By Suzanne Corbett, STLSportsPage.com Food/Travel Editor
It was the golden age of TV. The 1950s when I Love Lucy ruled, and families gathered around the tube. They gathered to watch the shows, and to eat off TV trays designed to hold another famous 1950s iconic pop-culture creation, the TV dinner. The foil tray holding a meat and three sides premiered in 1953, the same year Little Ricky made his debut on I Love Lucy.
The concept, which would redefine home convenience foods, and how Americans would eat, was an invention of necessary according to the Swanson Company. It happened when Swanson found itself stuck with 260 tons of frozen leftover Thanksgivings turkeys. The overage was being held in refrigerated railroad cars that only worked (held its cooling abilities) when the train was moving. To keep the birds from defrosting and spoiling, Swanson had the train traveling back and forth between its Nebraska headquarters and the East Coast to keep the refrigeration running until a solution could be found. Gerry Thomas, a Swanson salesman, had the idea to cook the birds and create single serve dinner packaged and frozen in aluminum trays paired with holiday sides – cornbread dressing and sweet potatoes. The idea took off.
Another account of how the the TV dinner was born differs within the Swanson company.
Other report claims the sons of Swanson founder Carl Swanson, Gilbert and Clarke, came up with the idea. Perhaps the Swanson boys lifted the idea from Maxson’s Strato-Plates who produced frozen dinners as early as 1944 for the airline industry. A similar look and prep, which Maxson tried to market as Sky-Plates, but they never took off. Too expensive. But that’s another story.
While the ultimate claim for the invention continues to be disputed, the fact remains that Swanson’s TV dinners were a hit. Swanson sold ten million dinners the first year they were rolled out. Since then, frozen fare has been a staple in the American freezer. And TV dinners continue to be eaten while watching TV.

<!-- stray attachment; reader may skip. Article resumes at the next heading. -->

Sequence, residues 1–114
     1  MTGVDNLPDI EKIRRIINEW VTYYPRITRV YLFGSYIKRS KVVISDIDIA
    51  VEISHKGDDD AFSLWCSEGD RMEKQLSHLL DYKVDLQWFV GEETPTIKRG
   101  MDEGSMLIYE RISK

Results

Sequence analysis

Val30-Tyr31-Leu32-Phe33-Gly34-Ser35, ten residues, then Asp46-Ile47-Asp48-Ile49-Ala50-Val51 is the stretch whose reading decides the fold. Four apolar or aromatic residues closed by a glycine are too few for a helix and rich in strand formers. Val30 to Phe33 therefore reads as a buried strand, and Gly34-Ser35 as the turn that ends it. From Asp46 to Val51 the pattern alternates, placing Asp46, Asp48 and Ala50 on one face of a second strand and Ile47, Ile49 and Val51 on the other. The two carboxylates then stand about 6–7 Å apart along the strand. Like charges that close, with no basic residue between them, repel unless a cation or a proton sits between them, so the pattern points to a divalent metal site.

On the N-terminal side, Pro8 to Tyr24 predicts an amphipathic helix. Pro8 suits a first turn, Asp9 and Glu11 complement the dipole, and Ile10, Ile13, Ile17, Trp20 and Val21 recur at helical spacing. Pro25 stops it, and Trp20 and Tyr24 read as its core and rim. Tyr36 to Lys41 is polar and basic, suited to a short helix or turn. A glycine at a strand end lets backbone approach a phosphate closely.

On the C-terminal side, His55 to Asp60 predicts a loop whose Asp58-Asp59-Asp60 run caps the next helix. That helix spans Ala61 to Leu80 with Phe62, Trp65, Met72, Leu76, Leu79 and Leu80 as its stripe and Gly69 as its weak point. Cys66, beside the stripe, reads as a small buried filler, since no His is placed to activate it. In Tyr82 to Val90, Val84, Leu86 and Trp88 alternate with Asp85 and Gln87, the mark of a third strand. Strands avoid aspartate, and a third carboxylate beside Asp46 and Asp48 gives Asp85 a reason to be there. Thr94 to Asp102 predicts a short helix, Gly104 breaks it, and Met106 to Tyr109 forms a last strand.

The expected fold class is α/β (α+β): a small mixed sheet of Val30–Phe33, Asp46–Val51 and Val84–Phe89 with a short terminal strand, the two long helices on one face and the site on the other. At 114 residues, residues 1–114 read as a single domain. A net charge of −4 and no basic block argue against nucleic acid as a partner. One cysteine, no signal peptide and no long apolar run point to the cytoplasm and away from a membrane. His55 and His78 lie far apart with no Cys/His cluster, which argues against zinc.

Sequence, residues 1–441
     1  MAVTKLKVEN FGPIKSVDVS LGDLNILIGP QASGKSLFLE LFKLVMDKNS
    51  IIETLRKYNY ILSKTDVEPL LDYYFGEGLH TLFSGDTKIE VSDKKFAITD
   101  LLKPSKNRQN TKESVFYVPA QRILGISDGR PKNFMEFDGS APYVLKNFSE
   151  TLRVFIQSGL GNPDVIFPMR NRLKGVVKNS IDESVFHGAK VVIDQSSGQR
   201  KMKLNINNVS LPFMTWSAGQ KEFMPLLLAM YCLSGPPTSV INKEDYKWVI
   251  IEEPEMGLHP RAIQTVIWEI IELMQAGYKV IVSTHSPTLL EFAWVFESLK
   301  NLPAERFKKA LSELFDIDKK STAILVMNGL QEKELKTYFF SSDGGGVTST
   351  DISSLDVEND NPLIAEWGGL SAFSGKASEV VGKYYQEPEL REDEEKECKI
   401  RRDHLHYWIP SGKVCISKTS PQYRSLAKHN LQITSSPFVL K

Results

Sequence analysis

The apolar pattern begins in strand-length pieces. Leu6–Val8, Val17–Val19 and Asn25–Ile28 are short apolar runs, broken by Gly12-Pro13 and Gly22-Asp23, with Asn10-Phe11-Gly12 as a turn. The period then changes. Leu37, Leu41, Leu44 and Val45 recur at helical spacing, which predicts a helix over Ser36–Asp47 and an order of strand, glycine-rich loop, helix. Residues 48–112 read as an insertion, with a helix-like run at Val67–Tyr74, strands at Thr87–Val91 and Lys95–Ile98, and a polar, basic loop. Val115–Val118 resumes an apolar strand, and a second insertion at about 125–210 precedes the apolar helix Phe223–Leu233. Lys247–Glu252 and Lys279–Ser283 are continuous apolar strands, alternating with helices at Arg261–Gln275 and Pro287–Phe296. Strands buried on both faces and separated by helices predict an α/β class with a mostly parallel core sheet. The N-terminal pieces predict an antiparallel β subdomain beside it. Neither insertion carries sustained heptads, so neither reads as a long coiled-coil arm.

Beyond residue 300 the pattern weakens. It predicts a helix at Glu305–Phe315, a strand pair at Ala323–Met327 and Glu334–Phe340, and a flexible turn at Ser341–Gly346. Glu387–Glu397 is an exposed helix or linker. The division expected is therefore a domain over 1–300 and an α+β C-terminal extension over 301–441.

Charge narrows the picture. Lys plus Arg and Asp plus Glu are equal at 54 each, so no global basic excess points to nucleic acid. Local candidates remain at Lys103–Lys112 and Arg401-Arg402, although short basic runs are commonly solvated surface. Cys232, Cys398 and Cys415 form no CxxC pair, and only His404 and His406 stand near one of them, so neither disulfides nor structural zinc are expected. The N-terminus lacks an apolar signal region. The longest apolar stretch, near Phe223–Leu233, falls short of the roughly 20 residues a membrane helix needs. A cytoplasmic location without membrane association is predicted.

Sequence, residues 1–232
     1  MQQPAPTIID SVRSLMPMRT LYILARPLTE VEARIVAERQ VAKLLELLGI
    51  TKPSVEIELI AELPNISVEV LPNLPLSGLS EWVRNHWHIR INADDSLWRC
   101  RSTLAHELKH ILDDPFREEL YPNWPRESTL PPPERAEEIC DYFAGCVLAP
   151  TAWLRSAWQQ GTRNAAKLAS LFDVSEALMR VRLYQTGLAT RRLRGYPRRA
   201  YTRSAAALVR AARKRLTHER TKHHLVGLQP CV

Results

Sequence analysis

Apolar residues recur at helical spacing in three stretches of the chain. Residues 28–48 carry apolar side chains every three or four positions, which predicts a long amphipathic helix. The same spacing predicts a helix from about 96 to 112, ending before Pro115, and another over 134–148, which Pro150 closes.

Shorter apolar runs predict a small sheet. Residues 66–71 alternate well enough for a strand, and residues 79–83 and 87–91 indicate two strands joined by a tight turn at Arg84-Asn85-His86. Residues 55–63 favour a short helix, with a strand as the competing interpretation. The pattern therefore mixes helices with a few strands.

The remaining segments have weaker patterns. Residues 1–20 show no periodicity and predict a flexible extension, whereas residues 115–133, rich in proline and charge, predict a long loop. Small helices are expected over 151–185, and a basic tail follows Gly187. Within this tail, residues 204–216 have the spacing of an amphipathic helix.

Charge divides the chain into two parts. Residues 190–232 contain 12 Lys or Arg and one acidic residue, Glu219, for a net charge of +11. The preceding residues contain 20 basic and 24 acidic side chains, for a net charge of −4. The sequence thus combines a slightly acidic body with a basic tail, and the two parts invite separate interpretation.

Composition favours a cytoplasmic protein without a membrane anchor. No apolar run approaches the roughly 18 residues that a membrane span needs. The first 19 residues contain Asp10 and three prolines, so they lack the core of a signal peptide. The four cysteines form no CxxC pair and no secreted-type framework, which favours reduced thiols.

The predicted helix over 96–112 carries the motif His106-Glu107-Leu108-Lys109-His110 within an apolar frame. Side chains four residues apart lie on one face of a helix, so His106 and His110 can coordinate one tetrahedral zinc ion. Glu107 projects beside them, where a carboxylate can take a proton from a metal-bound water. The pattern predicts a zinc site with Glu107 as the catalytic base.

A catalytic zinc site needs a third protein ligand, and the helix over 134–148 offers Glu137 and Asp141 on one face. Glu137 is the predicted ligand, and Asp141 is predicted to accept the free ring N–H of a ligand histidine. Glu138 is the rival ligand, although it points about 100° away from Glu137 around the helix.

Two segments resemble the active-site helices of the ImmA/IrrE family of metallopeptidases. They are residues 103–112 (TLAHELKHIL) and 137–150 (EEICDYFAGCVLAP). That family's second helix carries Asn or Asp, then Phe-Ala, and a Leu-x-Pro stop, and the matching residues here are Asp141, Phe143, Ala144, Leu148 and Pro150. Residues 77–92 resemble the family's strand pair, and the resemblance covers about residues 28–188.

TV dinners and vintage TV shows are still a winning combination, especially those shows that featured child actors. Just ask Laurie Jacobson, a St. Louis native, who used those ingredients to cook-up her successful book, TV Dinners: 40 Classic TV Kid Stars Dish Up Favorite Recipes with a Side of Memories (2020, TV Classic Press).
It’s a cookbook full of captivating memories and comfort food recipes from child stars still watched in reruns on networks and cable networks as ME TV. Among those favorite child stars with a strong fan following are Jerry Mathers who played the Beaver in Leave it to Beaver; Butch Patrick, Eddie Munster from The Munsters; Angela Cartwright, Penny from Lost in Space; and Jon Provost who played Timmy in Lassie. Provost may have been the inspiration for Jacobson’s book – the two are married.
TV Dinners fit perfectly into is this year’s theme for the annual Rainbow’s For Kids Gala, Childhood Memories, November 10 at Orlando Gardens, Maryland Heights. Special guest for the evening will be four of those kid stars feature din Jacobson’s book, Jerry Mathers, Butch Patrick, Jon Provost, and Keith Thibodeaux – Little Ricky from I Love Lucy. In addition, comedian and tribute artist Rik Roberts will appear as Barney Fife from The Andy Griffith Show.
General admission tickets include buffet, cocktails and entertainment VIP tickets also include a pre-party with the evening’s stars and a signed copy Jacobson’s book, which includes from all the nights kid stars. For info on tickets visit rainbowsforkids.org/gala